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In the book Introducing Monte Carlo Methods with R, Robert & Casella mention that Student's $t$ density can be written as a mixture of normal distibutions with zero mean and $\chi^2$-distributed precision parameters (page 50, section 2.2.3): $$ X\vert y \sim N(0, \frac{\nu}{y})\quad\text{and}\quad Y\sim \chi_\nu^2\,. $$ I fail to see how the pdf of the mixture distribution $$ f(x) = \int dy\, g(x\vert y)p(y) $$ corresponds to that of a $t$ distribution with $\nu$ degrees of freedom $$ f_{t}(x) = \frac{\Gamma{\left(\frac{\nu+1}{2}\right)}}{\sqrt{\pi\nu}\Gamma{\left(\frac{\nu}{2}\right)}}\left(1+\frac{x^2}{\nu}\right)^{-\frac{\nu+1}{2}}\,. $$

This is what I've done so far:

  1. The normal and $\chi^2$ distributions are in this case $$ \begin{aligned} g(x\vert y) &= \frac{y}{\sqrt{2\pi\nu^2}}\exp{\left(-\frac{x^2y^2}{2\nu^2}\right)}\\ p(y) &= \frac{1}{2^{\nu/2}\Gamma{\left(\frac{\nu}{2}\right)}}y^{\frac{y}{2} - 1}\exp{\left(-\frac{y}{2}\right)}\,. \end{aligned} $$
  2. The mixture distribution is then $$ \begin{aligned} f(x) &= \int_0^\infty dy\, \frac{y}{\sqrt{2\pi\nu^2}}\exp{\left(-\frac{x^2y^2}{2\nu^2}\right)} \frac{1}{2^{\nu/2}\Gamma{\left(\frac{\nu}{2}\right)}}y^{\frac{y}{2} - 1}\exp{\left(-\frac{y}{2}\right)}\\ &= \frac{1}{\sqrt{2\pi\nu^2}}\frac{1}{2^{\nu/2}\Gamma{\left(\frac{\nu}{2}\right)}}\int_0^\infty dy\, y^{\frac{y}{2}}\exp{\left(-\frac{x^2y^2}{2\nu^2} - \frac{y}{2}\right)} \end{aligned} $$
  3. I'm now trying to reduce the integral to a standard integral of the form $\int x^n \exp{\left(-a x^2\right)}$. Completing the square in the exponential gives $$ f(x) = \frac{1}{\sqrt{2\pi\nu^2}}\frac{1}{2^{\nu/2}\Gamma{\left(\frac{\nu}{2}\right)}}\exp{\left(\frac{\nu^2}{8x^2}\right)}\int_0^\infty dy\, y^{\frac{y}{2}}\exp{\left(-\frac{x^2}{2\nu^2}\left(y + \frac{\nu^2}{2x^2}\right)^2 \right)}\,. $$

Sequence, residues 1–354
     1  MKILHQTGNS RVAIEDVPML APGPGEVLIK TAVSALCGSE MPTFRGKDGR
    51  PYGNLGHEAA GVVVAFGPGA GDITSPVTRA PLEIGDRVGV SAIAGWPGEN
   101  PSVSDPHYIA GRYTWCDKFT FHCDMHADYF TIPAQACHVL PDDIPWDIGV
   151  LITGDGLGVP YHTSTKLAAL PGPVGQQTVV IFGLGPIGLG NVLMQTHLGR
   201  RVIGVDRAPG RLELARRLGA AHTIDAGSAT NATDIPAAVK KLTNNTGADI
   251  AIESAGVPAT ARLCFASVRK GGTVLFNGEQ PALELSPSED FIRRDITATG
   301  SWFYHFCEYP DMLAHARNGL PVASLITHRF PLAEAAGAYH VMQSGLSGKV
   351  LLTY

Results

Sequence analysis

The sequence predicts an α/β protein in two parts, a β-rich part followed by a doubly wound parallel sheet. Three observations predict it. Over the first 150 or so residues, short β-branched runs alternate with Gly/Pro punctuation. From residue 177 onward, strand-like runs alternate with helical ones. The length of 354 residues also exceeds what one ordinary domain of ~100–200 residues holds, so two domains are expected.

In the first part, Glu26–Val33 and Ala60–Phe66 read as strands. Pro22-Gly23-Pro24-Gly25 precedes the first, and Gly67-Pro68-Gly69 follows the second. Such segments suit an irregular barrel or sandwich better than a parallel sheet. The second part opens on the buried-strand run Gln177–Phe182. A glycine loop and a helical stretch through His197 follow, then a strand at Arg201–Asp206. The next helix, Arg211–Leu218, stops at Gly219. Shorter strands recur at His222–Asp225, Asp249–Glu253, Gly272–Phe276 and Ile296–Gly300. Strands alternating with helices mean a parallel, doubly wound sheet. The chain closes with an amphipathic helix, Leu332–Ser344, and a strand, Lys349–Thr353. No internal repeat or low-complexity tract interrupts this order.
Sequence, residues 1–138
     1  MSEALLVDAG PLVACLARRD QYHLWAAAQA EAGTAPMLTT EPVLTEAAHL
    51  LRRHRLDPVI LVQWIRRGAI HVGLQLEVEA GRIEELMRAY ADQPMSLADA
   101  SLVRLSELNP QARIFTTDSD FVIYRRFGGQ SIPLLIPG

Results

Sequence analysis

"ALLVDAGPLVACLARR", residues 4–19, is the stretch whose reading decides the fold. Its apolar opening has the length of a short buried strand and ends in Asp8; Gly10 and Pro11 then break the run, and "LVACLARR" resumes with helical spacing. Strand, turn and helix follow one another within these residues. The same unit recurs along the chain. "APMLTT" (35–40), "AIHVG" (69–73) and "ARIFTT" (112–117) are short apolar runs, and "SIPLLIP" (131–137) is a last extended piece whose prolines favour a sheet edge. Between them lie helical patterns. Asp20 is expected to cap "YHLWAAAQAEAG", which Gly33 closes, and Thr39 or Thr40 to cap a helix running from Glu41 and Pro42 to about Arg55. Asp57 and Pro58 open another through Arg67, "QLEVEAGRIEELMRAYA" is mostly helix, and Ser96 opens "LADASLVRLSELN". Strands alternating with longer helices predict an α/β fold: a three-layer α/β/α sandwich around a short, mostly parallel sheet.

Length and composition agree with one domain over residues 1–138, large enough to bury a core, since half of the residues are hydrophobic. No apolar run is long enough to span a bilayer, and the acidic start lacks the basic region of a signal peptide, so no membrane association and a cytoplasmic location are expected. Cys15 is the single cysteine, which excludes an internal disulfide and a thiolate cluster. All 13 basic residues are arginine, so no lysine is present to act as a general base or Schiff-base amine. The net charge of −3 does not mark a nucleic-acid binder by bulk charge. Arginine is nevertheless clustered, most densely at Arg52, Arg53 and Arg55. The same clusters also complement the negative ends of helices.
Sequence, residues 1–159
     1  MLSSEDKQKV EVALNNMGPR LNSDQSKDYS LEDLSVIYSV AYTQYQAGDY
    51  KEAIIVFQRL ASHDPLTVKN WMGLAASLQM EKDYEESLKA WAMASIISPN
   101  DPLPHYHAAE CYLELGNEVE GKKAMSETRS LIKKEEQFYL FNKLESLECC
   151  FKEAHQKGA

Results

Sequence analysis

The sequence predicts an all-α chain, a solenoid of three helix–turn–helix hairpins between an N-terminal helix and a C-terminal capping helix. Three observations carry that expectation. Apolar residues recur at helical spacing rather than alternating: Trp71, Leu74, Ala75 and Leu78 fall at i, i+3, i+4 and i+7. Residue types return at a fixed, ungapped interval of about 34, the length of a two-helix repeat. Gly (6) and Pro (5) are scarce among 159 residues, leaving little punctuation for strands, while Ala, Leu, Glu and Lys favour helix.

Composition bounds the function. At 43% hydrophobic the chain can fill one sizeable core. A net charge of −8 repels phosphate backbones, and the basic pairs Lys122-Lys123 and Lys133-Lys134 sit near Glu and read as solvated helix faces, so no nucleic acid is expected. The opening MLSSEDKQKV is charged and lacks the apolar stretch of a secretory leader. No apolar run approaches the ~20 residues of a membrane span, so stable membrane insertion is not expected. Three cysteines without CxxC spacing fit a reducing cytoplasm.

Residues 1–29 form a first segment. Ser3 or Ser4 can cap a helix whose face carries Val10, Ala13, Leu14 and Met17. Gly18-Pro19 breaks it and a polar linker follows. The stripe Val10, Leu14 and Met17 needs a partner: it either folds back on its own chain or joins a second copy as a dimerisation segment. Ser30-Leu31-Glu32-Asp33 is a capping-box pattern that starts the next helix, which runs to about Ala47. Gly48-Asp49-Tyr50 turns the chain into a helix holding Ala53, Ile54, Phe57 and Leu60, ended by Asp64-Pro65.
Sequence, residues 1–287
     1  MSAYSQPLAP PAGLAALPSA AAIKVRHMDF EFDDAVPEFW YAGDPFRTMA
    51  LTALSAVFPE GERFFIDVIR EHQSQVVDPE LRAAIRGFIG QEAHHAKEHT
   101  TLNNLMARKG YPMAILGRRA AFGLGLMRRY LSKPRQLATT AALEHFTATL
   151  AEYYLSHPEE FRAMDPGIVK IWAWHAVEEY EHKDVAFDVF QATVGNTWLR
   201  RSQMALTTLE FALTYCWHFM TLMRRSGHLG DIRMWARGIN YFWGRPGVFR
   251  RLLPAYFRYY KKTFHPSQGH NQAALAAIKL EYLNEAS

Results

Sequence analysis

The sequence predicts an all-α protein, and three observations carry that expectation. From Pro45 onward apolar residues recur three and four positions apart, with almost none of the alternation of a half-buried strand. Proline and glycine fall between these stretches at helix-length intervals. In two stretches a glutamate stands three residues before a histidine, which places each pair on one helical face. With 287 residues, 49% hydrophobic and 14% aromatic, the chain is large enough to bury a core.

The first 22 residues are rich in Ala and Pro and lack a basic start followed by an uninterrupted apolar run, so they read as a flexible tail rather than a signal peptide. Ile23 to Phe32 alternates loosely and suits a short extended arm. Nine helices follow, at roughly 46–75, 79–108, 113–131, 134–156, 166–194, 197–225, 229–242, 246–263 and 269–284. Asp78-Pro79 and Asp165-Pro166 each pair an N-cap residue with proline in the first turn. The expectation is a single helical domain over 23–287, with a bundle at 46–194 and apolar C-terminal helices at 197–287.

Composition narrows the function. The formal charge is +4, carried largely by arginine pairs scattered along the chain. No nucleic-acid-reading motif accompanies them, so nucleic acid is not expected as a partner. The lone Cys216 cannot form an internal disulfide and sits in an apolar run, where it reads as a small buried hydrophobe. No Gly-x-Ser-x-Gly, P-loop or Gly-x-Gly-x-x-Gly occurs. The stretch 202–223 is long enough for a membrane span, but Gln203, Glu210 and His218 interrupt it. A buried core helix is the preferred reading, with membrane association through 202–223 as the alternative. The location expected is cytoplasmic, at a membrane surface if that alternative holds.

This is where I'm not sure how to proceed. According to Wolfram alpha, the integral has a closed form involving Kummer's confluent hypergeometric functions ${}_1F_1$ $$ \int_0^\infty dx\, x^n \exp{\left(-a(x-b)^2\right)} = \frac{1}{2}a^{-\frac{n}{2}-\frac{1}{2}}\left(\sqrt{a}b n \Gamma{\left(\frac{n}{2}\right)}{}_1F_1{\left(\frac{1-n}{2};\frac{3}{2};-ab^2\right)} + \Gamma{\left(\frac{n+1}{2}\right)}{}_1F_1{\left(-\frac{n}{2}; \frac{1}{2}; -ab^2\right)}\right) $$ However, I'm not sure how this reduces to the pdf of the $t$ distribution. In particular I'm not sure how the term $\exp{\left(\frac{\nu^2}{8x^2}\right)}$ in front of the integral in $f(x)$ can disappear; or what to do with the hypergeometric functions.


Note 1: I tried a change of variables, $z = y + \frac{\nu^2}{2x^2}$, which gives me the integral $$ f(x) = \frac{1}{\sqrt{2\pi\nu^2}}\frac{1}{2^{\nu/2}\Gamma{\left(\frac{\nu}{2}\right)}}\exp{\left(\frac{\nu^2}{8x^2}\right)}\int_0^\infty dz\, \left(z - \frac{\nu^2}{2x^2}\right)^{\frac{y}{2}}\exp{\left(-\frac{x^2}{2\nu^2}z^2 \right)}\,, $$ but I'm not sure this is any improvement.

Note 2: It seems that the noncentral $t$ distribution can be expressed in terms of the confluent hypergeometric functions; however according to Robert & Casella, the mixture distribution is that of a (central) $t$ distribution with $\nu$ degrees of freedom. The noncentral $t$ distribution reduces to the central $t$ distribution in the case of a zero non-centrality parameter $\mu$, in which case the confluent hypergeometric functions reduce to $_{1}F_1 (a,b,0) = 1$. However this is clearly not the case here, where $a > 0, b > 0$, and the terms involving $_{1}F_1$ in the closed form above do not collapse.

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    $\begingroup$ I sill struggle to reconcile results from the link with the approach above. With the parametrisation given in Robert & Casella's book we have $\sigma = \nu / y$, which leads to a term in the exponential that is quadratic in $y$. In the link you have a term linear in $\tau$. With a quadratic term, the integrand does not resemble a multiple of a Gamma function. What am I missing? $\endgroup$ – Maurits Evers Oct 10 '17 at 0:08
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    $\begingroup$ In our notation, the variance is $\sigma^2=\nu/y$, not the standard deviation. This must be the source of your confusion as the Student's [or Gosset's] t distribution is defined this way, a $N(0,1)$ variate divided by the square toot of a normalised $\chi^2_\nu$. $\endgroup$ – Xi'an Oct 10 '17 at 3:17
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    $\begingroup$ Indeed that clears things up @Xi'an. Thanks for your help; and thanks for a fantastic book by the way. I wish we had books like these when I was a university student... $\endgroup$ – Maurits Evers Oct 10 '17 at 3:28